The SBJT Forum: Engaging the Abortion Issue -- By: Anonymous
SBJT 7:2 (Summer 2003) p. 92
The SBJT Forum:
Engaging the Abortion Issue
Editor’s Note: Readers should be aware of the forum’s format. D. A. Carson, Gregory Alan Thornbury, James Parker III, and Chad Owen Brand have been asked specific questions to which they have provided written responses. These writers are not responding to one another. The journal’s goal for the Forum is to provide significant thinkers’ views on topics of interest without requiring lengthy articles from these heavily-committed individuals. Their answers are presented in an order that hopefully makes the forum read as much like a unified presentation as possible.
SBJT: What are some practical strategies for addressing the abortion issue?
D. A. Carson: We have just “celebrated” (“endured”?) the thirtieth anniversary of Roe v. Wade. Countless commentators have weighed in to express their thanks for the Supreme Court’s decision, and voiced their determination to preserve it; no fewer have articulated their resolution to keep pushing for court appointments that will ultimately bring that decision down.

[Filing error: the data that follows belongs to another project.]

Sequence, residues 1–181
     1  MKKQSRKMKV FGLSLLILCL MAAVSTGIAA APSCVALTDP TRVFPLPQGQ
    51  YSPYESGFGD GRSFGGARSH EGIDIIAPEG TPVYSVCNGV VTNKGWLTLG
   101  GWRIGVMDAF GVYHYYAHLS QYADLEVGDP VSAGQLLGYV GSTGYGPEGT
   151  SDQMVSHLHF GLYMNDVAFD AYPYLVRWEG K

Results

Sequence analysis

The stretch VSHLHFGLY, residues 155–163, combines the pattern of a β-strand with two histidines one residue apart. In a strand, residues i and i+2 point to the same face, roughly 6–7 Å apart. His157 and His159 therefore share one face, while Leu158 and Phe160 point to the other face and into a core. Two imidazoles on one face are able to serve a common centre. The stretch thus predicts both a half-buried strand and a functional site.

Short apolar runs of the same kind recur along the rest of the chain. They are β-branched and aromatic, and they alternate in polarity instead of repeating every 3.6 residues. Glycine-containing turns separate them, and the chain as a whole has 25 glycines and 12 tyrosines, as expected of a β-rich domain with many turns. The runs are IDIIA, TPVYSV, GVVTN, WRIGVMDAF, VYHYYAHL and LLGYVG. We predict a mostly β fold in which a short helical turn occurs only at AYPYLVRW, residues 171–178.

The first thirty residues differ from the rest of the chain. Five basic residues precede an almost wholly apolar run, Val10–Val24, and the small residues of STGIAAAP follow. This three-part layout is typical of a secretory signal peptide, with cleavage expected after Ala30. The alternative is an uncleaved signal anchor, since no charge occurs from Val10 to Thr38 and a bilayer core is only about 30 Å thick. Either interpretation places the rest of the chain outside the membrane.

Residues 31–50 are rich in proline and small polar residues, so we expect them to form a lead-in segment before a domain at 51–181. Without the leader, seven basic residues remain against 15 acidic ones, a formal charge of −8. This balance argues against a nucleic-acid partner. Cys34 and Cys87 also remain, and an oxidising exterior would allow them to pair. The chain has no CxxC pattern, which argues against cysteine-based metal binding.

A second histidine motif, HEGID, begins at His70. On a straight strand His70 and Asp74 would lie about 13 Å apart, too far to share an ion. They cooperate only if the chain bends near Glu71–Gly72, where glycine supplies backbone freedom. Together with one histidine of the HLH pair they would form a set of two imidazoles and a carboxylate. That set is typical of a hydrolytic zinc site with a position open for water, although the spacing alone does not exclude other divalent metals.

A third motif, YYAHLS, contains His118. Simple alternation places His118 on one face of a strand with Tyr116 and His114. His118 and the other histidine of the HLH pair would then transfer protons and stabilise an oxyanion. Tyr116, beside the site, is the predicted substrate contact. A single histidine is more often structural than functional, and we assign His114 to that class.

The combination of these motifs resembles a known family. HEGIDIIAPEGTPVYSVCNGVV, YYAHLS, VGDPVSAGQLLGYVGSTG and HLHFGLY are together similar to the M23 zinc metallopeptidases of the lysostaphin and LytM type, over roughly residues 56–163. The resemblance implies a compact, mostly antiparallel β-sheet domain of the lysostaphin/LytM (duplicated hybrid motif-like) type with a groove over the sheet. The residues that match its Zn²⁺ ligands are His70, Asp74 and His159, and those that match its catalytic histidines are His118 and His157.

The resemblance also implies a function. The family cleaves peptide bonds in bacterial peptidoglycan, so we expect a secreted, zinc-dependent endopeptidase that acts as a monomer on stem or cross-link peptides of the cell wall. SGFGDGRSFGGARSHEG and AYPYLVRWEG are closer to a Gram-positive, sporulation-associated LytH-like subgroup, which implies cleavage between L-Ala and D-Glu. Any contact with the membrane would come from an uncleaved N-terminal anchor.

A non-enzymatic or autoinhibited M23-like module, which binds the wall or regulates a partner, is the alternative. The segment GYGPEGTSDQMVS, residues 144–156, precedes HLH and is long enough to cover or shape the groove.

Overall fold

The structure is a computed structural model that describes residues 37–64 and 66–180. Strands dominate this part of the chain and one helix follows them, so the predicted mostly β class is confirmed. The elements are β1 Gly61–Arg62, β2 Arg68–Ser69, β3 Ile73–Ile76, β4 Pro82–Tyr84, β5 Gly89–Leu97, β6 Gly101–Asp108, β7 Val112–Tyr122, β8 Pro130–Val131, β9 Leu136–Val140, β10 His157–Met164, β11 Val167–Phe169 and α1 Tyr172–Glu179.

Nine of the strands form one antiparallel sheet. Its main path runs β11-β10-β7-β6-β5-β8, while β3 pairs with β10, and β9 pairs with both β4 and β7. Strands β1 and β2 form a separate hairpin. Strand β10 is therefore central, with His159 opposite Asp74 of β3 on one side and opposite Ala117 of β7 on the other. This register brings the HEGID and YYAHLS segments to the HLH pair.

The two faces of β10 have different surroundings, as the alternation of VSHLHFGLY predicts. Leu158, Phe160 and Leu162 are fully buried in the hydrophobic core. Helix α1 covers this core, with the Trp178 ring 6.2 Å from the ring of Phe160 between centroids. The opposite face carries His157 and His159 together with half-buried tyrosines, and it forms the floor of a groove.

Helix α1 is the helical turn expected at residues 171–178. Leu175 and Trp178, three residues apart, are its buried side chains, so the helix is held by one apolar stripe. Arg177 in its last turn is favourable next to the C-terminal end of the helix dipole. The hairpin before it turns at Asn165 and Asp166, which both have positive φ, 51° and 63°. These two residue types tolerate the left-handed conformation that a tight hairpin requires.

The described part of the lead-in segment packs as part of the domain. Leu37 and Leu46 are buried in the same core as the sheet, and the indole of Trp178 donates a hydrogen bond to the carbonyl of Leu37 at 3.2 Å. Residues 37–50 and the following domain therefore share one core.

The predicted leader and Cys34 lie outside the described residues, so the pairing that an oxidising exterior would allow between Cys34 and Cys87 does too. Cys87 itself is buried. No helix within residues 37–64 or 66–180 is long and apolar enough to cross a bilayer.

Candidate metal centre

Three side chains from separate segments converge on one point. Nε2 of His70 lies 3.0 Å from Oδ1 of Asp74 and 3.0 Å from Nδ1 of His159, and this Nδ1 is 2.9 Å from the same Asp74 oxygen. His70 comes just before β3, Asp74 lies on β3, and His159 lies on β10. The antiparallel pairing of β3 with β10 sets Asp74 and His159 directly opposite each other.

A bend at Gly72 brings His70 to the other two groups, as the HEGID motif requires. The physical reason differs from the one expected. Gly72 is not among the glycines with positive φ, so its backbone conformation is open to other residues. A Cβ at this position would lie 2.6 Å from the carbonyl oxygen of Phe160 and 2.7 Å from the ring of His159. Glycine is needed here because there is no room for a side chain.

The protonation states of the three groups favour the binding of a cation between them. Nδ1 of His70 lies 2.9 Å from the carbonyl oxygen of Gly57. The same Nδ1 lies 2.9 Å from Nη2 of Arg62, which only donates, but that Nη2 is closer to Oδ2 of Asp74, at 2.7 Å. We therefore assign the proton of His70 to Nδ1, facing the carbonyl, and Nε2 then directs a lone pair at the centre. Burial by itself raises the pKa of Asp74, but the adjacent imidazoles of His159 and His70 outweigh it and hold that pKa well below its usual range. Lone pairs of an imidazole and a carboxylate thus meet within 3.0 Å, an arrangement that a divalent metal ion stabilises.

Transparently, the mood of the country has changed somewhat during the last three decades. While many pro-choice voices still defend the Court’s decision with virulent rhetoric, and while the media, by and large, hue that line, only a deaf ear could fail to pick up other voices. On many university campuses today, one can hear students refer to themselves as “survivors”: they are painfully aware that they could as easily have been aborted as the tens of millions who were actually destroyed. In 1999, the Higher Education Research Institute published a survey of 275,811 incoming college freshmen, which showed that only 52.5% of the men and 49.5% of the women thought abortion should be legal. This represents a 14% decline since 1990. A poll published in 2000 by the Los Angeles Times showed that only 43% of Americans support a simple continuation of Roe v. Wade—down from 56% in 1991. It has been widely reported that during the last presidential elections, 27% of those polled said they were more likely to vote for George Bush because he was pro-life, while only 18% of those polled said they were more likely to vote for Al Gore because he was pro-choice. Some high-profile feminists, such as Germaine Greer in her 1999 book The Whole Woman, are now arguing that abortion has become just one more tool of oppression in the hands of the maledominated medical community, which has consistently failed to inform women of the risks. Greer speaks out of bitter experience: several abortions have left her sterile.
In the entire field of bioethics, questions surrounding abortion represent only one tiny part of the complex issues that must be addressed. In terms of the number of people ...
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